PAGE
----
Its dramatic openness, as any lover of sport knows, can be a tremendous source of delight. Corruption in sport, equivalent to the closure of that openness, can therefore be utterly devastating. For example, during his time in the USA, James was horrified by the casual reactions of his friends to a scandal involving multiple university basketball teams selling games for money from bookmakers. For his friends, many of them impassioned socialists ready to renounce material benefit for their political concerns, sport was irrelevant to their own moral code: why should students put their elders and teachers above what they wanted? What was wrong with manipulating a corrupt system, particularly among the underprivileged and exploited African-American communities that, then and now, produce the vast majority of talented basketball players? What did a game matter (1)?
These questions do not have easy answers, but nor are they novel questions. Similar ones were dramatized by the Roman satirist Lucian, in a conversation between the Athenian statesman Solon and a barbarian. The barbarian asks why the Greeks care so much for their games, which seem to him frivolous pursuits. Solon replies that if he could only see the athletes competing, and observe the valour, courage and ingenuity at work, then he too would be swept up in the emotion. The ancient Greeks, while developing philosophical and political ideas that would shape Europe for millennia, were ‘the most fanatical players and organisers of games the world has ever known’ (1). This cultural particularity can be directly compared to 19thcentury Britain, the birthplace of so many modern organised games.
For James as for Solon, sport was high culture. The idea of morality as an individual code led to corruption and egotism, and sport, with its lesson of submission of the self towards a common purpose, was a precious antidote. In sport, as in life, there was something to ‘get right’, and the tests of the sporting arena were a microcosm of the tests of the moral arena. No loyalty to the team or respect for the opponent, meant no loyalty or respect at all. It is ironic then that these sporting ideals, born out of Western culture, were to eventually be used to combat one of its most shameful, exploitative customs: colonialism.
To return to the question of the charmed 1960/61 tour, it is undoubtable that the quality of the games (all of them finely-balanced and entertaining) helped generate considerable goodwill. Furthermore, a spirit of friendship between the two teams was so successfully encouraged by the captains Worrell and Richie Benaud of Australia, that members of both teams still remark that they never experienced anything similar in their career. Related to both these points, Worrell was not only the first black West Indian captain, but for many experts ‘just about the best of any shade’ in the history of the game (3).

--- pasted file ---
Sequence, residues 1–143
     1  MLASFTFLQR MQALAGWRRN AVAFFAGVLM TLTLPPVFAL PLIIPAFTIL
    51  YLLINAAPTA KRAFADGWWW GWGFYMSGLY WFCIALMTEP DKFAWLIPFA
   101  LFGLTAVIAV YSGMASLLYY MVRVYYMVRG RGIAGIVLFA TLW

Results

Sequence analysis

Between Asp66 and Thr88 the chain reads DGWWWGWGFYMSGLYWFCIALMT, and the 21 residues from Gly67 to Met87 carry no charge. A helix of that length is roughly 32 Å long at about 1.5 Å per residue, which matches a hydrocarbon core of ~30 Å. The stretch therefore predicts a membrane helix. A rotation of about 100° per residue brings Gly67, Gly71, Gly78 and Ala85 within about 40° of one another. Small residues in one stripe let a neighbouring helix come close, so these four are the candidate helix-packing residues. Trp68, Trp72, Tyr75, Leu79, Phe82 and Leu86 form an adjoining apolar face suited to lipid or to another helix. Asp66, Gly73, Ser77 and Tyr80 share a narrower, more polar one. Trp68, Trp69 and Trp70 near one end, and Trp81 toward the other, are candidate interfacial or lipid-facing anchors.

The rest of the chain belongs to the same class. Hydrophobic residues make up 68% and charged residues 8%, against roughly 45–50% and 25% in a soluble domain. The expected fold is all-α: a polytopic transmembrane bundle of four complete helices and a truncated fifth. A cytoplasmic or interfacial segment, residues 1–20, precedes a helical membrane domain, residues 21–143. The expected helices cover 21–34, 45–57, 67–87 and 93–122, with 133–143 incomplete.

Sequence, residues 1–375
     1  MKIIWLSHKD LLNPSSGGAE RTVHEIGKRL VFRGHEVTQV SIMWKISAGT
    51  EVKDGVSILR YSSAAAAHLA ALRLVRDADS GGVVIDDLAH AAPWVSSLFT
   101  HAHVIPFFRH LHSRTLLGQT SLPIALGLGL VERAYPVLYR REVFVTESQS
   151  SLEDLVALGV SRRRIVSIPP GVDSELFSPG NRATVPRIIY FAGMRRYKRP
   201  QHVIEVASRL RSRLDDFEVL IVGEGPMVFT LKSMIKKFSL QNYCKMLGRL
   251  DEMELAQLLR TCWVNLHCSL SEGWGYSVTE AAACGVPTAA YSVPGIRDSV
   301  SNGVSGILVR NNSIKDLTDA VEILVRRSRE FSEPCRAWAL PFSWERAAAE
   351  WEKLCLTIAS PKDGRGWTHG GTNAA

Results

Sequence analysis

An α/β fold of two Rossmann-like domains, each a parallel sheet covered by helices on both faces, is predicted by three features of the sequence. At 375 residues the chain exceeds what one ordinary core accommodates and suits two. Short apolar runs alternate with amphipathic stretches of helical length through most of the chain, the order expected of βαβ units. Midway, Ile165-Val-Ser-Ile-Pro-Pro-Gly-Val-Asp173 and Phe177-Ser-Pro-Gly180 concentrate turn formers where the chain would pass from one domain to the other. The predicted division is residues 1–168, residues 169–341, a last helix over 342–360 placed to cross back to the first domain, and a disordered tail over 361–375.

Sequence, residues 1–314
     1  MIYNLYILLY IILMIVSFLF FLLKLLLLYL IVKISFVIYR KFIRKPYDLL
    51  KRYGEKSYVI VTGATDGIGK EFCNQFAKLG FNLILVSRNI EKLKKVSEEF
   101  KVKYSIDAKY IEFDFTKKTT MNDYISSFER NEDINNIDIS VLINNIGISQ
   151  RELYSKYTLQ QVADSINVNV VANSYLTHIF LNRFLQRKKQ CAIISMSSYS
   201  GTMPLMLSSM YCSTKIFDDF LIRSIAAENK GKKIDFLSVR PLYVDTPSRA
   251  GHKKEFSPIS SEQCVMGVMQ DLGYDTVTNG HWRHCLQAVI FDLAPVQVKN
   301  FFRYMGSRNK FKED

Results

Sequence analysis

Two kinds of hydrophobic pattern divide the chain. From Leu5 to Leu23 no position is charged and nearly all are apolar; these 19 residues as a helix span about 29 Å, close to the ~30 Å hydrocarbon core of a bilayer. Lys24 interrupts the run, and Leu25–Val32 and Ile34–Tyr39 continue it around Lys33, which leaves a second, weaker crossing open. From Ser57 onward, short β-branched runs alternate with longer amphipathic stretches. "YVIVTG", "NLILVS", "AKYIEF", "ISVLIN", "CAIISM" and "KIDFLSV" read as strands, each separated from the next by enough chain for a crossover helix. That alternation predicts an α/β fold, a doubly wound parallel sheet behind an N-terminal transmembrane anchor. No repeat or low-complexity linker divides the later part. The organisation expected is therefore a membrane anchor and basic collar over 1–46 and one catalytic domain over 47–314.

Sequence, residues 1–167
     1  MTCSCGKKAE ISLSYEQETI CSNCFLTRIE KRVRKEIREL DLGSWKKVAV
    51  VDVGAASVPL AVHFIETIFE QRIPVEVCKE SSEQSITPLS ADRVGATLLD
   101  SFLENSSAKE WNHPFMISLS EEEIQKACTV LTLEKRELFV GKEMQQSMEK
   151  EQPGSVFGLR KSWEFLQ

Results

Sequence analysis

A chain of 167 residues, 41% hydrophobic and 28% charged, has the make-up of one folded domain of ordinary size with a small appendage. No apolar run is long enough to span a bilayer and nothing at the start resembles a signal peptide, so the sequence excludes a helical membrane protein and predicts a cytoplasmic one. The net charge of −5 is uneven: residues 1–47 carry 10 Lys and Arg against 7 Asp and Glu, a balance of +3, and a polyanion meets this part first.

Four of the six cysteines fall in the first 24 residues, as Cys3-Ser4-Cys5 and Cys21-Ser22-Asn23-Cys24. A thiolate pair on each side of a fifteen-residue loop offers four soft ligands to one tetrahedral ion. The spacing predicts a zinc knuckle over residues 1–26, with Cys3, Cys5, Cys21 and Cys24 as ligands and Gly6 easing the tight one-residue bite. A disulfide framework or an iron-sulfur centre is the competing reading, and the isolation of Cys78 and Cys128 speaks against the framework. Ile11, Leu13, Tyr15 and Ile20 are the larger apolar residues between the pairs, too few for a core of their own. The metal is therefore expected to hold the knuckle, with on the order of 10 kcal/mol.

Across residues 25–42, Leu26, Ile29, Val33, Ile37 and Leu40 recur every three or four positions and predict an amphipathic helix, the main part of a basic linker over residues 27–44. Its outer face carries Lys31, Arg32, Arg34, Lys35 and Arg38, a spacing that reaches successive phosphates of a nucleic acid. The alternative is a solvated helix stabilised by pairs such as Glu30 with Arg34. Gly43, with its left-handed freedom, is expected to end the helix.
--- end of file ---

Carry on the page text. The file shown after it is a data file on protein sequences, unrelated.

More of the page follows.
There was extraordinary pressure involved in being not only responsible for captaining the side, but also for presiding successfully over a crucial and historic event. Worrell had all the social ease and grace that other nations were accustomed to from West Indian cricketers. In addition, he exuded a steady serenity that spread to his teammates, and possessed a remarkably intense, questioning mind that often tired his interlocutors (James even remarked that he had only observed a similar intensity of mind in two other people, one of whom was Leon Trotsky), as well as inspiring his team. His devotion to fairplay was total: he insisted his players accept all decisions without showing any displeasure, and there was not a single disagreement on the whole tour. In a later game against India, he gave his blood to save a life after a brutal cricketing head injury. Until his untimely death from leukaemia at the age of 42, he ‘expanded (the) conception of the West Indian personality’ (1) just as it emerged from the shadow of British rule. Had he lived, he could easily have become a beloved expert and commentator of the game like his dear friend Benaud, or even a major politician like current prime minister and former cricket captain of Pakistan, Imran Khan.
What is morality? is a question which remains difficult, if not impossible, to answer. However, there are times when we know it when we see it: and Frank Worrell ‘got it right’. In him, best of all, we can observe morality as inseparable from sport, on the Olympian pedestal where the ancient Greeks placed it.
1. C. L. R. James, Beyond a Boundary, 1963.
2. Wisden Cricketer’s Almanack, 1962 edition.
3. The Cricketer magazine, article by E. W. Swanton on Clive Lloyd, 1984.